Have you, too, stood in the linens department, eyes glazed as you try to figure out the best sheets? It doesn’t help that they tend to be folded up and jammed into a plastic container so that you can only feel a tiny corner of them. How are you supposed to know how it will feel on your entire body if only the tip of your finger can brush a sliver of the sheet?
Well there’s always thread count, which is what it seems “they” want us to rely on. And the higher the better, right? I mean, if 200 is good then those $80 eight-million-thread count sheets at HomeGoods must be amazing, and what a deal!
Hold up. It turns out, we might be getting suckered. There’s more to a sheet’s quality than thread count, and kind of like sunscreen, there’s a point beyond which you’re really not adding anything. In fact, it could be even lower quality.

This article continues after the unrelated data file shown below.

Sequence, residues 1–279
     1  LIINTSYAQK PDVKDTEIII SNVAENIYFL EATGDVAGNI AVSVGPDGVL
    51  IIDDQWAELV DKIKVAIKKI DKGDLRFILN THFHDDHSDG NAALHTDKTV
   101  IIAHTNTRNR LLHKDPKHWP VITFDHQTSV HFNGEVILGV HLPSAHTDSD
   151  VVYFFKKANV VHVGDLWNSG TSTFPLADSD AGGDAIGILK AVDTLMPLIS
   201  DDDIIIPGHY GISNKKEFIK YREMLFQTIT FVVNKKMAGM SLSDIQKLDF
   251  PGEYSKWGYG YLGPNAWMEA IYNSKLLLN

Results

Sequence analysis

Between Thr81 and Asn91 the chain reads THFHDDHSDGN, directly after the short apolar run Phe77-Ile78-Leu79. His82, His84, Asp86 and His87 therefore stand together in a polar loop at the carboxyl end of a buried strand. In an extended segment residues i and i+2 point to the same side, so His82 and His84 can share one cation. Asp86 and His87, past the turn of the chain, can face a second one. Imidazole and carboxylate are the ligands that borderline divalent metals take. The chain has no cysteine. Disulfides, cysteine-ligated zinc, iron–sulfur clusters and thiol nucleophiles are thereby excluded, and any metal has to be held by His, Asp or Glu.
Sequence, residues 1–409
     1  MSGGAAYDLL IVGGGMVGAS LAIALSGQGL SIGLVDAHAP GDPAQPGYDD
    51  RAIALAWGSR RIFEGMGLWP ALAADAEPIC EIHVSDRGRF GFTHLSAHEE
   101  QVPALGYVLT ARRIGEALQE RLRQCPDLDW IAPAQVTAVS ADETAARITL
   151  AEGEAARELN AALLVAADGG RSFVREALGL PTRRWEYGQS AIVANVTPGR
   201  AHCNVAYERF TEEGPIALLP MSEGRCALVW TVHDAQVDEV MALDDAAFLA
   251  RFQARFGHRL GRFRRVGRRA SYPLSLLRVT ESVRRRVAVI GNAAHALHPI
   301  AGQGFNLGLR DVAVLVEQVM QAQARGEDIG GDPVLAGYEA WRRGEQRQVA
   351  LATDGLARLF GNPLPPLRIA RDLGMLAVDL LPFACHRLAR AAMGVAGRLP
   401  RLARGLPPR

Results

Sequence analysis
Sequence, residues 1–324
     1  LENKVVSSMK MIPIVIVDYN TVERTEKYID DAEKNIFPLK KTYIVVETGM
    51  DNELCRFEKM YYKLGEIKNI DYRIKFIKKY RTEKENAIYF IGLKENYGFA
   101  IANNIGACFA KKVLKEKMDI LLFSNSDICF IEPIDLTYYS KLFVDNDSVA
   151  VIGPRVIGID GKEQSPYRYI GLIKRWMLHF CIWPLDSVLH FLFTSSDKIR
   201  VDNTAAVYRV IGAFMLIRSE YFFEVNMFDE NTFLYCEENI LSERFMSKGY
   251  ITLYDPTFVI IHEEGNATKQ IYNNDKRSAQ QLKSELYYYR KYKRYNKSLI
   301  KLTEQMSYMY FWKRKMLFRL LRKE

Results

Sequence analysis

To get the full story, I asked some people in the industry to explain what’s what: Ben Adair of truthaboutthreadcount.com, which is a website run by high end sheet seller Abode; Brooklinen co-founder Vicki Fulop; and Karin Sun, founder of Crane & Canopy, demystified the whole thing for us. And speaking independently of one another, they all said essentially the same thing, starting with those crazy high thread count claims are at best, meaningless.
To be fair, “it is true the higher the thread count the softer and silkier the fabric feels,” Adair says. “The fabric feels more exotic and is harder to weave therefore usually bringing a higher price tag.”